As noted last night, the RRR cut was telegraphed last week by Premier Li Keqiang when he said that authorities would cut the RRR at an appropriate time to help smaller companies, and is the second reduction this year. The decision comes after recent data showed the economy and industry stabilizing, although Beijing’s tightening curbs on the property market have led to a slump in construction and worsened a liquidity crisis at developer China Evergrande Group and other real-estate firms.

In immediate reaction to this RRR cut, modest upside was seen in the equity space with US futures rising to marginal fresh highs for the session and European counterparts erring higher as well but remaining within ranges. Amidst this the FX space saw some modest choppiness, though USD/CNH is within pre-release levels. Additionally, WTI Jan and Brent Feb futures respectively experienced upside, bringing them back to overnight highs of around USD 2.00/bbl.

While some said the development was neutral and underscores China’s lack of desire to pump the system with excess liquidity, after all the PBOC said  it “will continue with a normal monetary policy, maintaining the stability, consistency and sustainability of policy, and won’t flood the economy with stimulus”, we disagree and believe this is the start of a move that will inject much more liquidity in China’s economy, especially now that coal prices are sliding and oil has plunged from its recent highs, keeping inflation in check.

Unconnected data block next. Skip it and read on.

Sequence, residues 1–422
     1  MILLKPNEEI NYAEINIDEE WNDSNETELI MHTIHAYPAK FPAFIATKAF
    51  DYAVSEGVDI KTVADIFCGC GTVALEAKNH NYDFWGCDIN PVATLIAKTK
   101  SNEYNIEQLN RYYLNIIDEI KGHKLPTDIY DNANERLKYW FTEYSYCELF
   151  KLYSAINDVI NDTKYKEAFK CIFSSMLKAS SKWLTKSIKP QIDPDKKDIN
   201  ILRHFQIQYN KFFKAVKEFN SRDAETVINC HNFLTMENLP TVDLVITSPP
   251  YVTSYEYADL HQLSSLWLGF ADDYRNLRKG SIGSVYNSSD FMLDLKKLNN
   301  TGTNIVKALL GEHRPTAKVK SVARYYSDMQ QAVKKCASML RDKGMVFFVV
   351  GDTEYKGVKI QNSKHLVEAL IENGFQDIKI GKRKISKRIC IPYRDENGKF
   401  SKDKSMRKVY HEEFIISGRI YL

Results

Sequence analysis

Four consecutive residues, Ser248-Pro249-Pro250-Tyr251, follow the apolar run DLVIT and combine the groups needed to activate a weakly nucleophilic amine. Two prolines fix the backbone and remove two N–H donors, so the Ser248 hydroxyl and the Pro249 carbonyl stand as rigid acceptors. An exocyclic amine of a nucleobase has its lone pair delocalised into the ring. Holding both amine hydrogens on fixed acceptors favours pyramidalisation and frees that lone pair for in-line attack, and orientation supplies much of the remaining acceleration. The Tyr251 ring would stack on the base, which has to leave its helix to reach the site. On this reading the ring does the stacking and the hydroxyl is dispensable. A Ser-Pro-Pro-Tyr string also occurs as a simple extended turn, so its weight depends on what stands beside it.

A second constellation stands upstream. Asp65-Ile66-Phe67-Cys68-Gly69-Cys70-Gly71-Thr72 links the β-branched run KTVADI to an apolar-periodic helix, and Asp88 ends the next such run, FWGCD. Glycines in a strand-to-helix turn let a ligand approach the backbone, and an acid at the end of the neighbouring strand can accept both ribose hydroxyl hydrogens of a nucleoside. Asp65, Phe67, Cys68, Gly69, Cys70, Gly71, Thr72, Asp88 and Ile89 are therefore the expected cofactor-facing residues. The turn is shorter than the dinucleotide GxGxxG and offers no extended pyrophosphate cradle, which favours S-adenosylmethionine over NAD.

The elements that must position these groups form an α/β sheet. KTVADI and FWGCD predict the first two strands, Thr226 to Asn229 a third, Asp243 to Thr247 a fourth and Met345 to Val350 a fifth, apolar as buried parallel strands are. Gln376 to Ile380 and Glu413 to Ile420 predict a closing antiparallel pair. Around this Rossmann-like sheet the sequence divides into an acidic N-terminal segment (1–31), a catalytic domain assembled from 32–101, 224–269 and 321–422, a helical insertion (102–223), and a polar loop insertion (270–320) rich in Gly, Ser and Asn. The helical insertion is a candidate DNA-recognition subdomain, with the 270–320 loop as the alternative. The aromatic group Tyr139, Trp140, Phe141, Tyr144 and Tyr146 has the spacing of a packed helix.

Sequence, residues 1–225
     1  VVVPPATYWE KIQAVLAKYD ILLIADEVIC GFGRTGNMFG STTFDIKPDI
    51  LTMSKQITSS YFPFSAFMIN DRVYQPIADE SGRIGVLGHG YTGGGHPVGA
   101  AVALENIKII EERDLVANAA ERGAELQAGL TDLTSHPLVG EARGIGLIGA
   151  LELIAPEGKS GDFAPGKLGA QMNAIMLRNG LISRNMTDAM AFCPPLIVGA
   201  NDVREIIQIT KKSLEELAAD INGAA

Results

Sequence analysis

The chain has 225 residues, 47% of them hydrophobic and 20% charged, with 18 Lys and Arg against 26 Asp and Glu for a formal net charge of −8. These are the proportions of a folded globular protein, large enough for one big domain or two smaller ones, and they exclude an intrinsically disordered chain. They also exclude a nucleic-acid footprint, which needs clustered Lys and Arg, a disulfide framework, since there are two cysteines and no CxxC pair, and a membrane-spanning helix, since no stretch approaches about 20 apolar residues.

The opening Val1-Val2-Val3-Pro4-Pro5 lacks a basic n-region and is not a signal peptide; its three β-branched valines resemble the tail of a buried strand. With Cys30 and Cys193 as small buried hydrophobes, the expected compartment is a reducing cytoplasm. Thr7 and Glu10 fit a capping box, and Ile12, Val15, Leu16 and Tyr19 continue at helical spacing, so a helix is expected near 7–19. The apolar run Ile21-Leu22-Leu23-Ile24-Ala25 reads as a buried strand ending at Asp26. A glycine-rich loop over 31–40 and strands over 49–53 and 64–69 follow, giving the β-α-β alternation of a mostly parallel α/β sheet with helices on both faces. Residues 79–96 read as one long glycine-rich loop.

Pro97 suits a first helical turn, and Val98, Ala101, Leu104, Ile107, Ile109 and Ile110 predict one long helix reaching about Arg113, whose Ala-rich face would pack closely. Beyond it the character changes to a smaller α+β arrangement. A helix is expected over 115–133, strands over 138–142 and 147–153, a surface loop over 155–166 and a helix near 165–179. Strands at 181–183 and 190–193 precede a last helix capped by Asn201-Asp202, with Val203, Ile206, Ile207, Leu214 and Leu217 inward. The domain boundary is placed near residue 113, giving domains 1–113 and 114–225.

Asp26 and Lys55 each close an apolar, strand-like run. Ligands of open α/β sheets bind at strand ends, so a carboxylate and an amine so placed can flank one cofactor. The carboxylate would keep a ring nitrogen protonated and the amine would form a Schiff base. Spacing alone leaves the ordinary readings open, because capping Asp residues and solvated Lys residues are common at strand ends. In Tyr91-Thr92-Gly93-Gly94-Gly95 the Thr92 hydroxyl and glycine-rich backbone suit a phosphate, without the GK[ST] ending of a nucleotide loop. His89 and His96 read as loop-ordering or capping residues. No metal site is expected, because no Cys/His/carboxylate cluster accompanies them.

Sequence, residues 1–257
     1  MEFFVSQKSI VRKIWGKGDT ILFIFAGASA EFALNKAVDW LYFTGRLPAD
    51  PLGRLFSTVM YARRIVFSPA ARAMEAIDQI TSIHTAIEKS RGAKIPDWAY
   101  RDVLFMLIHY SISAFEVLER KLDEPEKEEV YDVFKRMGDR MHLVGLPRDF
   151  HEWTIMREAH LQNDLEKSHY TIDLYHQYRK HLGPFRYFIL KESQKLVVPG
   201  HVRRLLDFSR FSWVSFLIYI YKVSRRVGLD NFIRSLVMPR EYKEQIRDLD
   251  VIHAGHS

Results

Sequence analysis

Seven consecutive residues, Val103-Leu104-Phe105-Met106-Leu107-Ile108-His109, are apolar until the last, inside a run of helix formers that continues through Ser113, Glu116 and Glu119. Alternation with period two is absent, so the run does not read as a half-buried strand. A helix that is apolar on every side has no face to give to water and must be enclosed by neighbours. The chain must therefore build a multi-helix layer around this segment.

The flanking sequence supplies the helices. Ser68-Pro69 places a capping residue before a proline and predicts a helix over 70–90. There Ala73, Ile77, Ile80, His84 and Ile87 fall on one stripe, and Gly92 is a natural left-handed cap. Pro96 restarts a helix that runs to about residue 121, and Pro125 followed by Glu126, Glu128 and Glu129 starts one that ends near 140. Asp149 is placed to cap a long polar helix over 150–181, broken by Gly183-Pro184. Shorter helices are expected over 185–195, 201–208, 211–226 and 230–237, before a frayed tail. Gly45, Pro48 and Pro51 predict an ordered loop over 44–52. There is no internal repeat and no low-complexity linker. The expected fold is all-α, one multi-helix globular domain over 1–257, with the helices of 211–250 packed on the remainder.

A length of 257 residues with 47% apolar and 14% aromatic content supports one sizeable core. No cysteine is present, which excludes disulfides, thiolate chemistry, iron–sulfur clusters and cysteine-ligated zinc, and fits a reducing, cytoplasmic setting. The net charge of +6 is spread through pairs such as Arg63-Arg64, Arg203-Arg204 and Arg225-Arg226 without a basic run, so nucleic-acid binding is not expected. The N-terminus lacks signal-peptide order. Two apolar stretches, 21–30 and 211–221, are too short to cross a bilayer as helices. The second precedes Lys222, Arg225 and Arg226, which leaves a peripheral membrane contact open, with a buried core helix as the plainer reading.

Indeed, in their kneejerk responses to China’s easing, analysts said that China will need to cut banks’ reserve ratio further to boost risk assets, given its stance of fine-tuning monetary policy has already been somewhat priced in by the domestic financial markets.

Below, courtesy of Bloomberg, is a snapshot of what market participants said.

Shenzhen Flying Tiger Investment & Management (Yu Dingheng, managing director)

  • “We are in the midst of a policy shift. If we consider this cut and the one in July — there should be more to follow as this is not yet enough to counter the downward pressure”
  • “This is all within expectations” and the market had already reacted to it partially in today’s session
  • The firm recently positioned for a move like this by picking up undervalued shares of companies in the property-related cohort

Bocom International (Hao Hong, head of research)

  • “I expect more cuts, because the property situation is still unfolding and cutting interest rate is not practical given high inflation”